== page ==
Exercise May Help Reduce Salt's Effect On Blood Pressure

The more exercise you do, the less of an effect salt may have on your blood pressure, a new study suggests.

People who said they exercised the most in the study had a 38 percent lower risk of being sensitive to a high-salt diet, compared with people who didn't exercise at all, the study said.

For the study, researchers defined someone as salt-sensitive if his or her average systolic blood pressure (the top number on a blood pressure reading, indicating pressure from the heart contracting) increased 5 percent or more when switching from a low-salt diet of 3,000 milligrams per day to a high-salt diet of 18,000 milligrams per day.

However, even the amount of salt in the low-salt diet in the study is twice the salt intake that the AHA recommends.

Researchers from the Tulane School of Medicine in Louisiana used health data from 1,906 rural Chinese adults, with an average age of 38, who were part of the Genetic Epidemiology Network of Salt Sensitivity. None of the study participants were on blood pressure medications, and all were asked to report whether their levels of physical activity were considered high or low.

People in the study were first put on a 3,000-milligrams-per-day diet for seven days, and then put on an 18,000-milligrams-per-day diet for seven days. Their blood pressure was taken nine times throughout the study to determine their salt sensitivity when going from the low-salt diet to the high-salt diet .

People who reported being the least active had an average increase in blood pressure of 5.27 millimeters of mercury (mm Hg) when going from the low-sodium to high-sodium diet, the study said. But those who reported being the most active had an average increase of 3.88 mm Hg when switching diets.

A systolic blood pressure of 120 mm Hg or a diastolic (the bottom number of a blood pressure reading, which is the pressure of the heart relaxing between beats) pressure of 80 mm Hg is considered healthy for adults, according to the AHA.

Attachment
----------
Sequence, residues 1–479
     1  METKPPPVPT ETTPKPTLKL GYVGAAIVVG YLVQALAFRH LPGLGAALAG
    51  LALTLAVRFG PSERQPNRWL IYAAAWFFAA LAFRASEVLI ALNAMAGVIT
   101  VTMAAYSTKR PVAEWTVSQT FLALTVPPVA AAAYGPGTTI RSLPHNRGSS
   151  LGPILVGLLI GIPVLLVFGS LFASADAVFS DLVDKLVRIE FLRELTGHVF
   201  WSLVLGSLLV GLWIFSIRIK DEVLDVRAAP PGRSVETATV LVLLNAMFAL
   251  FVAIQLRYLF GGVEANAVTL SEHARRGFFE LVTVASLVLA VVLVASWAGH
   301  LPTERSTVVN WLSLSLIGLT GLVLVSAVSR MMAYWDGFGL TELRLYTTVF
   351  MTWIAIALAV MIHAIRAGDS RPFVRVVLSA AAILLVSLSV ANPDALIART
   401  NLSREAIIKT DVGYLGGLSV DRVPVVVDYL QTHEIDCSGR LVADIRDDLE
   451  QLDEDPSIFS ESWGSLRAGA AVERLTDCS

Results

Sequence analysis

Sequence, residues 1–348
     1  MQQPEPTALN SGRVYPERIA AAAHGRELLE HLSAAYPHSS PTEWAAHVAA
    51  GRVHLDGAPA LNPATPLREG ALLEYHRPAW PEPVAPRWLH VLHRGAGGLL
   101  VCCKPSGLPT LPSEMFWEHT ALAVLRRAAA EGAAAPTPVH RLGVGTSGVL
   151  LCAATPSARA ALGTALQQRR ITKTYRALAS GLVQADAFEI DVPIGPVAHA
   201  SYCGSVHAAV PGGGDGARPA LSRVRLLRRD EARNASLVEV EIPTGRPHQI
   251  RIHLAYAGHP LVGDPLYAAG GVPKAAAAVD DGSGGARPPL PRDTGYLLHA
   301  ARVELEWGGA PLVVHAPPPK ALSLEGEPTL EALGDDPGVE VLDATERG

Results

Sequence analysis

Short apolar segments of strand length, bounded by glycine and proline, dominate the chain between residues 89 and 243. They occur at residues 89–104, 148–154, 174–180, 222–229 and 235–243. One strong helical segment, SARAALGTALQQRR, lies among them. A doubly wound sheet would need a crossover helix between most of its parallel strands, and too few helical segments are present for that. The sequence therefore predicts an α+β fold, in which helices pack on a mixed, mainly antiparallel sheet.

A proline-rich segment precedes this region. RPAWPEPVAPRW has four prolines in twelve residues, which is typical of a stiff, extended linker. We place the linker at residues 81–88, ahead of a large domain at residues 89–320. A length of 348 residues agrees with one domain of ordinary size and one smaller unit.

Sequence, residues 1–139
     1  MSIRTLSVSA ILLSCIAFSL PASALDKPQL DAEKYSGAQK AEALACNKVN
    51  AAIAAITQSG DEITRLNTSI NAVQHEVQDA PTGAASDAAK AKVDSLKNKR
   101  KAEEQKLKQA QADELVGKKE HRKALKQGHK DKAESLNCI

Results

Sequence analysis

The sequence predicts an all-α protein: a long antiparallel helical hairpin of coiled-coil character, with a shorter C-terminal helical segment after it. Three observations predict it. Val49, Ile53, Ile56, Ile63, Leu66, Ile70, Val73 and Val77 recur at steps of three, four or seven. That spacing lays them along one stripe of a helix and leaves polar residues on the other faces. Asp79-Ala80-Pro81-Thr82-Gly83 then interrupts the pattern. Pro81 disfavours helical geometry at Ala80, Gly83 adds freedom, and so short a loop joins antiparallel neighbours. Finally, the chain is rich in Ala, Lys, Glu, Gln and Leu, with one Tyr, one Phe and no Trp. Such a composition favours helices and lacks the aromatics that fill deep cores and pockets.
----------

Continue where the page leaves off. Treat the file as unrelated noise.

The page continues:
However, a person is considered prehypertensive if his or her systolic pressure is between 120 mm Hg and 139 mm Hg, and the diastolic pressure is between 80 to 89 mm Hg, the AHA said.

Because the study was in rural Chinese adults, it's hard to say whether the results can be replicated in a Western population, said William Farquhar, an associate professor kinesiology and applied physiology at the University of Delaware, who was not involved with the study.

However, the study results are strong because of the large population, he said.

"These types of studies are important and tend to stimulate additional research," Farquhar told MyHealthNewsDaily.

The study was presented this week at a meeting of the American Heart Association.

Pass it on: Being physically active can decrease the negative effects of salt on your blood pressure.

Follow MyHealthNewsDaily staff writer Amanda Chan on Twitter @AmandaLChan.

Amanda Chan
Amanda Chan was a staff writer for Live Science Health. She holds a bachelor's degree in journalism and mass communication from the Walter Cronkite School of Journalism and Mass Communication at Arizona State University, and a master's degree in journalism from Columbia University.